Zillow Will Begin Licensing Employees to Implement iBuying Transactions
Say it ain’t so, Zillow. Starting January 21st, the iBuying counterpart, Zillow Offers, will drop independent brokerages from their platform and instead, have their own employees become licensed agents with a newly formed brokerage, Zillow Homes. "Zillow-owned homes in these markets will be listed for sale by licensed Zillow Homes employees...the company expects to expand these services to additional Zillow Offers markets later in 2021," the online real estate database company stated in a press release.
What exactly does this mean for iBuying and real estate agents? It could mean many things. For one, this move could set a brand-new precedent in the industry that could increase Zillow’s profit margins while also potentially increasing new opportunities for brokerages on the backend of the iBuying process. But before we dive into the potential impact of Zillow’s news, let’s get into the details of what iBuying is and what Zillow is doing to turn employees into agents.
What Is iBuying and How Does It Work?
iBuying is the 21st-century solution for instantly garnering offers for a home and selling within minutes or days of posting. In comparison to a traditional real estate transaction, this app service uses a proprietary algorithm to assess a home’s value and create an Instant Offer, providing Instant Liquidity and moderate convenience to the seller.
The way iBuying works is as follows: you download one of the many free apps out there and create a profile. Next, you upload your home information, including the deed to prove homeownership, and submit for an Instant Offer.
Minutes (or days) later, you’ll receive an offer. If you accept, third-party contractors will arrive at your home and deduct any necessary costs from the offer. There will also be a service charge assessed for taxes, utilities, insurance, and maintenance. After the deal is executed, the app service will now try to sell your home, either through the iBuying service, their adjunct brokerage, or third-party listing services (e.g. MLS).
On the buyer's side, this process is much simpler. The iBuyer can log into the app and peruse homes that they can almost immediately purchase. This speedy transaction works well for those looking to move quickly but does not always provide the benefits a buyer receives when doing an in-person tour, such as getting a personal feel for the property and having full knowledge of what they're purchasing.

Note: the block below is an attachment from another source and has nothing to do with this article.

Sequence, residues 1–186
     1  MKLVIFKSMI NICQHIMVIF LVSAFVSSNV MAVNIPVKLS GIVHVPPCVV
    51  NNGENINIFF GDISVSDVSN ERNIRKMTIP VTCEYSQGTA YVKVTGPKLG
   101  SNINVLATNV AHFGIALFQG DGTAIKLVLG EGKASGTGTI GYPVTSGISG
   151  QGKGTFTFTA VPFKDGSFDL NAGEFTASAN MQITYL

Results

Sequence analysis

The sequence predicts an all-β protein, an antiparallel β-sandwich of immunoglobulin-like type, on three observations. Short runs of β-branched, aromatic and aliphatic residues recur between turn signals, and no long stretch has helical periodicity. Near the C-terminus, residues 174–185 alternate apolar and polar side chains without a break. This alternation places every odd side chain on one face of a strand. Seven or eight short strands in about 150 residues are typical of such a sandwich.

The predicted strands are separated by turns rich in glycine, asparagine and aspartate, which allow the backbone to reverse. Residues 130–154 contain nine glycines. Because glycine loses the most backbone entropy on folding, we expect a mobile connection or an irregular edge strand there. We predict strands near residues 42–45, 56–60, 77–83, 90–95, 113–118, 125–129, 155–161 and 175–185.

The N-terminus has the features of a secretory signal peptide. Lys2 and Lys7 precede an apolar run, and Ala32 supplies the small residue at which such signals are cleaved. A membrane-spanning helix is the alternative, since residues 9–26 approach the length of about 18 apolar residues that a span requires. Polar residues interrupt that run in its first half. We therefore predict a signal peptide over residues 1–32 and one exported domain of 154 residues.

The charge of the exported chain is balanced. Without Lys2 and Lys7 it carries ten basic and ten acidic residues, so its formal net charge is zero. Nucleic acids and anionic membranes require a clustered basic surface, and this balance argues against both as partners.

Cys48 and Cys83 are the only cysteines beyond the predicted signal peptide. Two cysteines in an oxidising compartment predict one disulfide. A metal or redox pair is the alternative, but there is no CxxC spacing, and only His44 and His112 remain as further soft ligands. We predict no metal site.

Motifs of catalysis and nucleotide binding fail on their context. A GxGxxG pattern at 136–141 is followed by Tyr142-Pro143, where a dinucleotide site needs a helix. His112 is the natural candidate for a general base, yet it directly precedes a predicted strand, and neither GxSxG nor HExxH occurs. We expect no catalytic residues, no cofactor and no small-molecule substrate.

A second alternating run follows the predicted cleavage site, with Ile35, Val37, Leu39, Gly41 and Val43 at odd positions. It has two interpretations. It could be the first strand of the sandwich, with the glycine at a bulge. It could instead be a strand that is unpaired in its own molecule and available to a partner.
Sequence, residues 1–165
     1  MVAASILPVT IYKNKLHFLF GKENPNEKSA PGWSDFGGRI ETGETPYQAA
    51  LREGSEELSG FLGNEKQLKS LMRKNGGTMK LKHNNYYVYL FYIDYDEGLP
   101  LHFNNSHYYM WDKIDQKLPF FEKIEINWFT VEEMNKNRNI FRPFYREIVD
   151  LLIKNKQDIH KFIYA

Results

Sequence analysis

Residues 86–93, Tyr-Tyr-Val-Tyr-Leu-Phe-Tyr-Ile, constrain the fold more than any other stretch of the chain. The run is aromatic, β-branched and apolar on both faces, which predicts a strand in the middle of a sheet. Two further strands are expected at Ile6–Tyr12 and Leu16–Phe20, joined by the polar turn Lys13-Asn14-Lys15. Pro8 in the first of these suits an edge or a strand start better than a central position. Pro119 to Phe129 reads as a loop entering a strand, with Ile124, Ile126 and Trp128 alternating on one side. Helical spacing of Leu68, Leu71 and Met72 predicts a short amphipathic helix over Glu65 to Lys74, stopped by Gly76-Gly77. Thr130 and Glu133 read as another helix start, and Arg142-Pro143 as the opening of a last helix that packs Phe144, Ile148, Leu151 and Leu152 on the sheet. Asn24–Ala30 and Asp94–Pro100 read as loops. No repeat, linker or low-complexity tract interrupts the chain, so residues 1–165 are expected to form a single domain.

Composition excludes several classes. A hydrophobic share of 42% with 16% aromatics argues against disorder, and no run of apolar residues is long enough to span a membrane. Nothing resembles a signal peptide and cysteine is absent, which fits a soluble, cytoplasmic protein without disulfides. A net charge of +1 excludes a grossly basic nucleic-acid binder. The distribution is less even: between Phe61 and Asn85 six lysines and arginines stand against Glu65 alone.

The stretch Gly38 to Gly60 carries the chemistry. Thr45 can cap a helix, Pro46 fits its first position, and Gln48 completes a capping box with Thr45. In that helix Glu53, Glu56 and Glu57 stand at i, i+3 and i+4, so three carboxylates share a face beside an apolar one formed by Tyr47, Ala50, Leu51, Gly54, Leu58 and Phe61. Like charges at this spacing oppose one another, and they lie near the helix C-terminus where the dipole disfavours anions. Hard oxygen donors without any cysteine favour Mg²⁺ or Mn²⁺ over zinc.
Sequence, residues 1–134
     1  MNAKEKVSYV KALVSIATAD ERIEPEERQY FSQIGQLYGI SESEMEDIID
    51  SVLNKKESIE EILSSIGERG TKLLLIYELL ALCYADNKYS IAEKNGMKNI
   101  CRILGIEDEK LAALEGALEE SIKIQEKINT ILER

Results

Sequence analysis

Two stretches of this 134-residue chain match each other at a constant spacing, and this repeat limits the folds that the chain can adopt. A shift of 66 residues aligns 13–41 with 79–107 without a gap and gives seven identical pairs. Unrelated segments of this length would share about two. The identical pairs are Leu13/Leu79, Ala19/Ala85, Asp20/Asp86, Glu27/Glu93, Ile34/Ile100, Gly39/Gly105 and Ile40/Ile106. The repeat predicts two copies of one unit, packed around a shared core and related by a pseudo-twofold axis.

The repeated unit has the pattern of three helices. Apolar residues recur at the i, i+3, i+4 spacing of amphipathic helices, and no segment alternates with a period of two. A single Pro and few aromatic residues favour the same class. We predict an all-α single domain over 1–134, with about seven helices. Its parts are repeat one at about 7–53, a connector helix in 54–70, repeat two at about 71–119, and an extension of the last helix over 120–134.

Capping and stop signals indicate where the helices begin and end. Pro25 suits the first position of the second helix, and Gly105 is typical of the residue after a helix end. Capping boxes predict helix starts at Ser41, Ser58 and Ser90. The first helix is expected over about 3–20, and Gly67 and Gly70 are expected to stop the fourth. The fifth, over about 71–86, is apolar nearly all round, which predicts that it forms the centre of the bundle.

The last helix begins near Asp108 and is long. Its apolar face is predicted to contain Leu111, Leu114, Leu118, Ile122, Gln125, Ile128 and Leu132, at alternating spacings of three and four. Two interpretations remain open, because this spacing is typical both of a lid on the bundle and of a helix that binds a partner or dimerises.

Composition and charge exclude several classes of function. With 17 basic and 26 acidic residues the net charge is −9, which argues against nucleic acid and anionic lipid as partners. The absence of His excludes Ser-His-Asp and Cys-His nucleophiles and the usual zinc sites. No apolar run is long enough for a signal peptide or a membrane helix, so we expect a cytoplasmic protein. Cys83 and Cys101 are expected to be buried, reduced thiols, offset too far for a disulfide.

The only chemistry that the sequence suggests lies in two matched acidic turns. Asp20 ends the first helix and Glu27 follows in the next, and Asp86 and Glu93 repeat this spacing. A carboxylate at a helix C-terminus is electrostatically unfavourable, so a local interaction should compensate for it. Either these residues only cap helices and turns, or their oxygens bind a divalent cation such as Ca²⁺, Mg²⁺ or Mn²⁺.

Zillow Turns Employees Into Agents
Instead of recruiting current agents like Opendoor does, Zillow will be taking their agent services in-house under the Zillow Homes brand and have their employees support these transactions. Commissions will be “paid to agents representing buyers” and should increase profit margins for their iBuying endeavors. Right now, Zillow utilizes brokerages for this service.
Brokers on record for Zillow may be disappointed in this new move. However, their services will still be needed for onsite support and any opportunities that occur if a potential iBuyer doesn’t like the offer and decides to pursue a more traditional route. Part of this change also includes “switching to an IDX feed, which will allow data to flow to and from the company to each local MLS,” as reported by Patrick Kearns of Inman. “Previously, Zillow’s real estate portal was populated by listing through a number of disparate agreements between brokerages, franchisors, and MLSs.”
The move may be seen as a maneuver to increase profit margins without paying the full salary a real estate agent would require. However, Zillow may be undermining the necessary expertise a seasoned real estate agent brings to the table and, whether they mean to or not, are almost trivializing the work agents do.
If there is an issue to be brought up regarding this new move, it is the value of service (or lack thereof) an employee-turned-agent would bring to the table. It is possible the technology and support that an iBuying service provides the company makes up for this loss in expertise. For those reasons, it would be safe to say that this idea could either go down as an ingenious decision adopted by the entire industry -- including Offerpad and Opendoor, who still continue to utilize partnership brokerages -- or a terrible decision that goes down in flames. With Zillow’s current market cap being over $23 billion, and a revenue stream peaking just below $3 billion, it’s a risk they can easily absorb.
Does This Make Zillow a Brokerage?
While this move to licensed employees feels like one step further in Zillow’s goal to become a one-stop-shop for all your home transaction needs (see Zillow Home, Zillow Home Loans, and Zillow Closing Services), Zillow still says they will not be acting as a “traditional brokerage.” The RealDeal reports that "Zillow has denied plans to operate a traditional brokerage. Rather, it says some of its offerings require licensing, such as its Flex program, which gives agents qualified buyer leads. Agents pay no upfront costs but get a 'success fee' akin to a referral fee if they close a deal."
In the past, Zillow has adamantly denied they would ever dip their toes into the brokerage game. Now, they have gone against that statement. Considering the increase in real estate transaction services and the embracement of licensed employees, we’re all thinking the same thing: who ya foolin’, Zillow?
Time will be the telling factor for what their next move will be and, more importantly, how regulators, lawmakers, and consumers will react.
Ready to Get Started With The CE Shop?
Whether you’re a new agent looking to start award-winning Pre-Licensing education or an experienced veteran wanting to finish your Continuing Education, we’ve got a 100% online curriculum that’s one of the most diverse and groundbreaking in the industry. And if you want to network with your peers, join our Facebook group and get connected!